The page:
Hannah Ho: a first-class Trinity artist opens up

MAX FERTIK ’19
CONTRIBUTING WRITER
I sat down with Hannah Ho in The Underground Coffeehouse the other day next to her boyfriend (plugged into his laptop) and several caffeine-fueled Bantams furiously typing away nearby. Ho was wearing a lopsided ponytail that gravity had gotten the best of and a pair of heavily weathered combat boots to go along with her unique, flannel, hipster outfit. An aura of genuine attention glowed from her as soon as I began to speak and she brought her undivided self to the conversation with a clap of her MacBook.
Ho was one of the first people that I met on move-in day and is an individual who genuinely intrigues me. To provide a little bit of background, our artist of the week was born to a young couple in Boston who, by most, would be considered followers of the “hippy” culture of the ‘60s era. Her biological father was a musician who followed John Lennon and Bob Dylan religiously (in fact, Hannah was originally named “Daisy Lennon”), and her mother became a high school English professor, which she remains to this day. The young couple had to give her up for adoption, but fortunately the infant joined a pleasant Chinese family who brought her up and gave her the Asian last name that she sports today. Ho has reconnected with her biological mother in person,
and in middle school, she discovered a deeper connection through a binder that she received, which contained many of her mother’s teenage poems.
As an artist, this rare intimate relationship with her mother’s past is invaluable to her experience with her own art, acting as a time machine of inspiration in which she can find parallels and creative aid. It also allowed Ho to feel the raw thoughts of her adolescent mother, and it commanded her as a middle-schooler to further pursue art. Now that Ho is at the same age as her mother when she wrote her poems, this seemingly magical binder has grown in inspirational value.
“I cannot write sonnets,” Ho tells me, wide-eyed. “I’d rather challenge the idea of structure through free-verse.” Such immediate use of technical phrasing gives you an idea of who Ho is as a person and as a poet. To Ho, not only is poetry a passion, but it is a tool for everyday stress relief. Even the tiniest fragments of nature, such as a bird flying overhead or the wind rustling through the trees, can set off the creative spark in Ho, as she notes that the world around her is where she finds the most inspiration. She enjoys poetry because it involves much more emotion than prose. In the process of mastering tone and imagery, she likes to imitate the pleasurable aspects of music and apply them to her poetry. Not only do words create meaning on secondary and tertiary levels, but the rhythm of poetry evokes an almost musical feeling. It is difficult to understand her work without reading it, but through the passionate free verse, coupled with ideas of music and nature, one can get a good sense.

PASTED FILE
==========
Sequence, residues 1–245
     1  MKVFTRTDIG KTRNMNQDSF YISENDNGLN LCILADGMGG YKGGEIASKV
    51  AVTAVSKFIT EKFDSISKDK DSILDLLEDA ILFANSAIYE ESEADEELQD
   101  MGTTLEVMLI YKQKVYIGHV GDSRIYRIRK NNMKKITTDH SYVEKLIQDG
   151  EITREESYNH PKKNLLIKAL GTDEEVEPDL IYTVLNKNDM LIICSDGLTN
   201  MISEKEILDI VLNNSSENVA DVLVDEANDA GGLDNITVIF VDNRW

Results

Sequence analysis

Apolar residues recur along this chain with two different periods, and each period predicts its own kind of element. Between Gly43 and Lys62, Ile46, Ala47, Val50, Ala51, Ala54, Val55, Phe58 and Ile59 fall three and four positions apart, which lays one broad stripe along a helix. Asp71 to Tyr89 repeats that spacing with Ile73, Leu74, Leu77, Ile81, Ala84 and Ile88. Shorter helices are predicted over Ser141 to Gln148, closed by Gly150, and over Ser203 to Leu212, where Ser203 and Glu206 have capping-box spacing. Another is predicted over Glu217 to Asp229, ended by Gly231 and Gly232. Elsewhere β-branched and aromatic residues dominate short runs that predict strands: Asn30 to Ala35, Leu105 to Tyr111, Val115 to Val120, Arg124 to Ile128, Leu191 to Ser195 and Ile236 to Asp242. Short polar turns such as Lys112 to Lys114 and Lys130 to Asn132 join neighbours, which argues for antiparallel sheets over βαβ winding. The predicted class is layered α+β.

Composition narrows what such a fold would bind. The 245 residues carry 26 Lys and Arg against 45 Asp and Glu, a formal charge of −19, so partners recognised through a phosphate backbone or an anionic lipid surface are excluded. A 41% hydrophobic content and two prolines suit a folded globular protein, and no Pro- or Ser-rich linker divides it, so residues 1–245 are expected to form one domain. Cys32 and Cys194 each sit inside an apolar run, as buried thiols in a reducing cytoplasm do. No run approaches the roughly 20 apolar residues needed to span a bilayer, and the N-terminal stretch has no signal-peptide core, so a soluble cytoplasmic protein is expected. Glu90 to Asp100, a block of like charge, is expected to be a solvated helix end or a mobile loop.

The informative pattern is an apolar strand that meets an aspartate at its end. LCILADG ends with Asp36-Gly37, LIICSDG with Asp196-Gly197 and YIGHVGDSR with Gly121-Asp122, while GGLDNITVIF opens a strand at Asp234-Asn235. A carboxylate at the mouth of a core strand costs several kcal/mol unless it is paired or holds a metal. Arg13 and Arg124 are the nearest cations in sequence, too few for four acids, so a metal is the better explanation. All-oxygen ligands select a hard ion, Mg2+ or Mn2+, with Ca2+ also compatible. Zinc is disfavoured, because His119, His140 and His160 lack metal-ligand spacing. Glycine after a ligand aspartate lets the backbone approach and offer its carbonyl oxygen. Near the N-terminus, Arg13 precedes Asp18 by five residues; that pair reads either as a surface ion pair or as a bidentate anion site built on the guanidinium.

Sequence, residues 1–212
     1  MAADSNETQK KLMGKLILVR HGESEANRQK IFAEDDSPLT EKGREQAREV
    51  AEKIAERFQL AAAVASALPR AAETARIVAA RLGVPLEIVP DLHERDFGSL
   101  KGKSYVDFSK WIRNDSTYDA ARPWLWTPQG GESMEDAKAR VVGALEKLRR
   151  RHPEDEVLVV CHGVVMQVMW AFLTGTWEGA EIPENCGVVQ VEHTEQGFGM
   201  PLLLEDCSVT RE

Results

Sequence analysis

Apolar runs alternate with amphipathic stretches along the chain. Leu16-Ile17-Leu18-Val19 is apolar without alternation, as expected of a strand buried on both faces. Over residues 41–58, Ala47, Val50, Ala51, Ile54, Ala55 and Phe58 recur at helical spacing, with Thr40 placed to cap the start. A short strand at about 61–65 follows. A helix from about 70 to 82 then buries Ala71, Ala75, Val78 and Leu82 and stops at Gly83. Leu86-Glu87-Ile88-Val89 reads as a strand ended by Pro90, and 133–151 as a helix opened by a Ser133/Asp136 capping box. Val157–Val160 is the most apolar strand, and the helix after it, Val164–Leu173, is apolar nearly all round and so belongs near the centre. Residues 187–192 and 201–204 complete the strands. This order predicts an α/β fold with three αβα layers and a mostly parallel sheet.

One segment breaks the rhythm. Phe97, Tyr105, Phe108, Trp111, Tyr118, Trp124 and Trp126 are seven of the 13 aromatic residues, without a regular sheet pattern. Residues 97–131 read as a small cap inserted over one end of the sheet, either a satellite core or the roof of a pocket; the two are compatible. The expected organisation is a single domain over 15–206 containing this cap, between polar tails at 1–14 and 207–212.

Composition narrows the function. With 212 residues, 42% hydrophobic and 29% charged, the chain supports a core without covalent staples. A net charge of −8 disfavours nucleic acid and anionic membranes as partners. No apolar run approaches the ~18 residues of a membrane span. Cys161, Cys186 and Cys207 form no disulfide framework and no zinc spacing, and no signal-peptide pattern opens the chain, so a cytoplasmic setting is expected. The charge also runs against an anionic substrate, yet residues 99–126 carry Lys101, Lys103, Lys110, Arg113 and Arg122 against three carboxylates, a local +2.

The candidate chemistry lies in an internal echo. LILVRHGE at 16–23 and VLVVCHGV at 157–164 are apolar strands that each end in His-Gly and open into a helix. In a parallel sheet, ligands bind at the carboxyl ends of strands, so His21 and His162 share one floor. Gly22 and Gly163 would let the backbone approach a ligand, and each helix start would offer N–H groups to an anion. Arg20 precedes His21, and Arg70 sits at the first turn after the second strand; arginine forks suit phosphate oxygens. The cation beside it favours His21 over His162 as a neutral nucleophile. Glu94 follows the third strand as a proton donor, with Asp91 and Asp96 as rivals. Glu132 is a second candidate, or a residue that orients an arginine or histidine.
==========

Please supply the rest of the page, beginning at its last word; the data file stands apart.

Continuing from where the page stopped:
“It is an incredible feeling to create something aesthetically pleasing,” she says. “To be an artist is to be mouthpiece for ideas that aren’t easily conjured.” Art demands to be created, according to Ho, and it must not only resonate with an audience, but also be open to interpretation. For the listener, reader, or viewer of the art to respond to the piece is one of the greatest pleasures an artist can receive.
In the past, open mics have been an enormously useful outlet for Ho to display her poetry. Not only do open mics incorporate the performance element of the art, but they give the artist an opportunity to directly interact with her audience. Many types of artists are restricted by an invisible barrier between the creator and the receiver, but through slam poetry and spoken verse, one can immediately receive feedback from the audience, even if that feedback is silence.
Here at Trinity, Ho is already deeply involved in the arts. With Guided Studies as her first year program, she is deeply immersed in an interdisciplinary humanities education, but plans on pursuing an interest in art history as well. Outside of classes, one might find Hannah at The Mill, The Fred, or even Dead Poets Society Club where original and classical poems are shared weekly.
As any artist knows, there are many struggles that come along with creativity. After all, struggle and lack of inspiration are two key aspects of creativity. But for Ho, one who feels commanded to write, inspiration does not always come when it is wanted most. The writer calls inspiration an “impermanent thing:” sometimes it comes in droves and it pours into the mind without warning, but sometimes there is nothing. It makes the artist feel uncreative at times, but through action, more inspiration comes and she can move on.
“I hope to bring an awareness to Trinity, to get people excited about what makes them uncomfortable,” Ho remarks. In a school full of Vineyard Vines models and Political Science majors, we laugh that this may be a challenge. But seeing an Econ major step out of his or her comfort zone would definitely make Ho smile. She sees the world in a unique way, but still remains humble and grounded. Through Sylvan Esso records and Asian tea, she finds her peace, and in her poetry and occasional henna patterns, one can get a glimpse of Ho’s worldview. Being a writer by trade would be ideal, Ho notes, but realistically, becoming an English teacher is something she sees in her future. Expect to see Hannah Ho doing great things here on campus, bringing the world new beauty through expression.

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